Joe Simon- Come Back Home (1974) I have to play you a Joe Simon song that was used as a sample for a VERY famous Hip Hop song. Not many people know.
Helen Reddy - I Am Woman (1971) The original, superior (to my ears) version. She has appeared on my show singing in ads for cigarettes in Australia, as well as later misses like "Handsome Dudes."
Barbara, The Grey Witch - Witch’s Love Song (1971)
Barbara Roehrs, also known as Barbara the Gray Witch of Raven House, passed away on Wednesday, June 30, 2021, at Healthwin in South Bend, IN, after suffering the long-term effects of a stroke. She was born Barbara Ann Hostetler on May 9, 1944, in South Bend. She was the youngest child to John and Anna May Hostetler, both of whom preceded her in death.
Barbara was a talented and accomplished artist. She was a larger-than-life personality and public figure. She hosted a U93 radio show and appeared yearly at the Niles Haunted House. She was a beloved friend and counselor to many and had a large and loyal following. She was an animal lover. She loved spending time with her dogs – especially her beloved ‘familiar,’ Gabby. She also loved back road adventures in her Volkswagen Beetle, meeting new people, and seeing new places. She loved fishing and having a good time.
The family would like to extend a thank-you to the Heart to Heart Hospice team and the healthcare workers at Healthwin for caring for Barbara so well.
So for my money, the best band of the 1965-1980 period was the band that David Bowie assembled for his Station To Station/Low/"Heroes"/Lodger/Stage phase. They were loose and tight. Funky and capable. With him as a singer, there's no way the band could lose. But these dudes were special. Carlos Alomar, Dennis Davis, and George Murray. Robert Fripp and Adrian Belew functioned at a right-angle in the proceedings, but that, too, made the ensemble special. I rank them higher than Led Zeppelin for their harmonies, Bowie's lyrics, and just the bravery. Higher (ever so slightly) than The Beatles for their live performances, and the fact that their music was really one guy showing up with an unfinished idea and the band using the ideas as clay. They could jam but they never recorded anything that wasn't precise and good fun.
David Bowie - Fashion (1980)
David Bowie - It’s No Game (1980)
David Bowie • Station To Station (Live) (1978)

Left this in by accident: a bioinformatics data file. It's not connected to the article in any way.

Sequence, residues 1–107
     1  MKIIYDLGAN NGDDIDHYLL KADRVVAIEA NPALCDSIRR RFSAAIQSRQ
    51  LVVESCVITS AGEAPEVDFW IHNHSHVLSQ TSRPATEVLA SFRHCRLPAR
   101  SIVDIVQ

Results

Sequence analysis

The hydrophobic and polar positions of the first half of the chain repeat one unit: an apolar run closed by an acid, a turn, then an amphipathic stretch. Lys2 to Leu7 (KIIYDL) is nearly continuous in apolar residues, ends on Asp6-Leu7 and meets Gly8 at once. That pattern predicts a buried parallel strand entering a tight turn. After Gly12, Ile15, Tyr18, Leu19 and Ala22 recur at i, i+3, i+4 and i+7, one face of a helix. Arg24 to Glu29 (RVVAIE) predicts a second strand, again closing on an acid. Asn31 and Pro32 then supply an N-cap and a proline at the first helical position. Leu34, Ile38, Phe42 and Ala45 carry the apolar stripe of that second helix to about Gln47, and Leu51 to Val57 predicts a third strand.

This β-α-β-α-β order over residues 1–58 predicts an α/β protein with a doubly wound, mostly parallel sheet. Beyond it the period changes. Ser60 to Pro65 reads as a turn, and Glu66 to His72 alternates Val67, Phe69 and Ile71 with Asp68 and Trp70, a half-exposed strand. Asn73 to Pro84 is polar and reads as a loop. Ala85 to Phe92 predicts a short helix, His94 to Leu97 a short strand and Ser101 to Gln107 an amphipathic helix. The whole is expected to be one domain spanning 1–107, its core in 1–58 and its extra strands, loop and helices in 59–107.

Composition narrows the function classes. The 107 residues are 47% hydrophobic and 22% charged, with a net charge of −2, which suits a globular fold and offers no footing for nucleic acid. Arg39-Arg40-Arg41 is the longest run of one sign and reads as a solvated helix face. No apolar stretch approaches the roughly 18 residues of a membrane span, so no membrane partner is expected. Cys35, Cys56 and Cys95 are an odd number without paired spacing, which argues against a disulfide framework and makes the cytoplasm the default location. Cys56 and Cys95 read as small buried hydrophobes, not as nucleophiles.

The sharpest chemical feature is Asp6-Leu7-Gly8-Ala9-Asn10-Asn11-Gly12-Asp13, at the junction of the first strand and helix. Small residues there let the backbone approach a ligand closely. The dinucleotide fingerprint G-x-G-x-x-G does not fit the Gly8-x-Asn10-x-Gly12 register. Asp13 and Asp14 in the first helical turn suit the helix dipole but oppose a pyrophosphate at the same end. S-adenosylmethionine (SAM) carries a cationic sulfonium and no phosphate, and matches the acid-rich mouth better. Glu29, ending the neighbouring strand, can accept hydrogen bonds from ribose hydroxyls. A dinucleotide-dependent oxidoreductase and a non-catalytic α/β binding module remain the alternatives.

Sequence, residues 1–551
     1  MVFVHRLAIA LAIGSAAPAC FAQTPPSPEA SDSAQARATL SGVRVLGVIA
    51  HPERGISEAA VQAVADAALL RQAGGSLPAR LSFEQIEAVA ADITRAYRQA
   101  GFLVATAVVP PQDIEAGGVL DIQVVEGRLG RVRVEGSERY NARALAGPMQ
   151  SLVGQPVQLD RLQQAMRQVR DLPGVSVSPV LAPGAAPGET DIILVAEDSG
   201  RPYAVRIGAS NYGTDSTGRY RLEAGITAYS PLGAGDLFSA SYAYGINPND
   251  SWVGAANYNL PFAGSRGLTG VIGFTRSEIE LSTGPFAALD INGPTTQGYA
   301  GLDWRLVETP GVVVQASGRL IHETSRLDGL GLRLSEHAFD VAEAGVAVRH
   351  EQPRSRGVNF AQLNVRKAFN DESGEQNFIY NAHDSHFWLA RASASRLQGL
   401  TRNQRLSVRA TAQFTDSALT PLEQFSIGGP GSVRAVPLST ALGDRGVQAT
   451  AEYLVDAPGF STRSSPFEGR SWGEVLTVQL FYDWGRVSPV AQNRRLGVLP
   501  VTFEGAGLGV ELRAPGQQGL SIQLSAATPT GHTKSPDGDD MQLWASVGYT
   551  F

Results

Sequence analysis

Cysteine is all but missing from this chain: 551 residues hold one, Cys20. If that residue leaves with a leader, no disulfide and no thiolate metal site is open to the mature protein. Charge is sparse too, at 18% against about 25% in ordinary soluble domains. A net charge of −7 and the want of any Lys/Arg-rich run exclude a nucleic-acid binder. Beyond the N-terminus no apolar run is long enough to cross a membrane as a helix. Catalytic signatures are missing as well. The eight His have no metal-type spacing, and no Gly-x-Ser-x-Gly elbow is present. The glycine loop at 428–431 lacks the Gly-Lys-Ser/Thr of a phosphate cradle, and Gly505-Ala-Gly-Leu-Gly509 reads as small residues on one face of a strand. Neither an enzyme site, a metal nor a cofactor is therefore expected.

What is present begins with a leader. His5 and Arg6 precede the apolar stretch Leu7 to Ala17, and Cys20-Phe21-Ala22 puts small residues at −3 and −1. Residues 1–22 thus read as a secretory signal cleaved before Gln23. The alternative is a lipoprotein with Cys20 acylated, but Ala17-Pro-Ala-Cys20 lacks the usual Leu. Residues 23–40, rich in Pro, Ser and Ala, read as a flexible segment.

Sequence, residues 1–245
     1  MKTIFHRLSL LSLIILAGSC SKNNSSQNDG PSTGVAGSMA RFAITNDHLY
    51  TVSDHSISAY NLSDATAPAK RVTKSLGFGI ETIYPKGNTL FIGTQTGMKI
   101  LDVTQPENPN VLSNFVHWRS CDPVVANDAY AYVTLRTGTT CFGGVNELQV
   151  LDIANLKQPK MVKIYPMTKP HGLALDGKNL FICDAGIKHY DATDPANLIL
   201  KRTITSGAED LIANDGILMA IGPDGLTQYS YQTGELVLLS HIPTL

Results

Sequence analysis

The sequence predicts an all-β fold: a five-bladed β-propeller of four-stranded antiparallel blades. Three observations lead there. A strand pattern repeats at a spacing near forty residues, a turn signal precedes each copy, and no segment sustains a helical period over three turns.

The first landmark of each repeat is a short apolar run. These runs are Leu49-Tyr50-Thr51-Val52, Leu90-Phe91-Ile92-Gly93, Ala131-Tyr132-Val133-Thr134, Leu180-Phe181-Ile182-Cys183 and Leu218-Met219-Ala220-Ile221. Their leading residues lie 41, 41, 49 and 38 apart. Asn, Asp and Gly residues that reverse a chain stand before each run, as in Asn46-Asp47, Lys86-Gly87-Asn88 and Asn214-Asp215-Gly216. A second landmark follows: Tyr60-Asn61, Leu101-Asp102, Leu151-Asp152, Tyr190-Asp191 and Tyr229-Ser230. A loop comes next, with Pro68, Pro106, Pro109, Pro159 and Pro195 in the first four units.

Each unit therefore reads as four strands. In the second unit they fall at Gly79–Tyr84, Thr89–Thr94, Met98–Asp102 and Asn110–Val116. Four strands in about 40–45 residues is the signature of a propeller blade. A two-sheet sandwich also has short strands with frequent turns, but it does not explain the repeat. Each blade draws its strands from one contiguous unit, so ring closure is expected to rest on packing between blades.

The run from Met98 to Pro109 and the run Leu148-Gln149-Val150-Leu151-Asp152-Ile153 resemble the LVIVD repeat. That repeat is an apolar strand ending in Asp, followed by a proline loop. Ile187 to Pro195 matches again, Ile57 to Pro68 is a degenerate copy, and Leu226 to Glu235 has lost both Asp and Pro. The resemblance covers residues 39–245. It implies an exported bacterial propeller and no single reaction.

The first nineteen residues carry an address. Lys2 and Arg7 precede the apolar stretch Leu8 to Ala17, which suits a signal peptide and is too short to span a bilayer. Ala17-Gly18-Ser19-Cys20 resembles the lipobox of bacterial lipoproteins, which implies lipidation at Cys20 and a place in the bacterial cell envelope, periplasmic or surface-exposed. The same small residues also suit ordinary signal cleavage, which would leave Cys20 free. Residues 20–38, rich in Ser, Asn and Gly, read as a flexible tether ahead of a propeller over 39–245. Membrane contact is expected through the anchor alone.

Children of the Night - Dracula's Undying Love (1976)
This collection of 1970's "Rock & Roll" songs tells the story of a big party at Count Dracula's house. The between-song skits have a pretty cut-rate vibe throughout (Dracula sounds remarkably like Dan Ackroyd doing his SNL Yortuk Festrunk "Wild & Crazy Guy" character, The Mummy introduces himself with the lyrics to the Bob McFadden & Dor single "The Mummy")...
Count Lorry & The Biters - Frankenstein Stomp (1974)
David Bowie - “Heroes” (Live) (1978)
Electric Food - Nosferatu (1970) German heavy prog rock band which included all Lucifer's Friend musicians except John Lawton. You know who John Lawton was. He was in Les Humphries Singers! Sang their biggest hit, "Mama Loo" and enjoyed a stint with Uriah Heep.
Dick (Ghoulardy) Knight - His Ghoul (1973) By the time this single was released, the name "Ghoulardi" was owned by Storer Broadcasting out of Cleveland, OH. Hence the different name. Go here to read about Ghoulardi, a story that could never happen now. You can see the "T.K. Productions" on the bottom of the label here. Read their story. You wouldn't know it from this but T.K. ended up owning the charts in the late '70s. The part The Bee Gees didn't devour, that is.
Iggy Pop - Sister Midnight (1977)
Jimmie John - What Happens When We Die? (1964)
Jo Banks and the Soul Train - The Toy Shop Killer (1979)
David Bowie - What In The World (Live) (1978)
Johnny Fever - Zombie (1967)
Mickey and His Mice - Cracker Jack (1970)
Discogs: Wilfred "Mickey" Fields was a saxophonist from the Baltimore area, a local legend who refused to play outside his Baltimore area, although he was invited several times to take the road for tours with many famous bands. He is recognized as one of Baltimore's best-known jazz saxophonists and has mentored many other jazz musicians, including Paul H Brown. Mickey created the "Monday Night Jam Session" at Sportsman's Lounge, allowing many young jazz musicians to perform. He was also known for his constant encouragement of young artists. Fields began his career with the blues jump band The Tilters. As a solo artist, he recorded on Atlantic Records and Groove Merchant. Howard Earl Washington, a Baltimore area jazz drummer, was another member of the Tilters. The Tilters played for the great Ethel Ennis. Fields then recorded several songs with his group "Mickey And His Mice", entitled "Cracker Jack", known as one of the 100 most funky titles ever created and the popular "Little Green Apples". He then recorded an album with the great Richard "Groove" Holmes, for the label Edmar (New Jersey). Fields also played with his talented sister, Shirley Fields, who has been a singer for many years and who has also played an important role in the Baltimore Jazz Company.
Monsters - Transylvania Disco Hustle (1977) Produced by the same guy that produced "Dracula's Undying Love." In fact, three of the guys that played on that record played on this!
Screen Idols - Blind Man (1979) Notable for the presence of one Woody Woodmansey, ex-Spiders From Mars drummer. Right after Woody Woodmansey's U-Boat.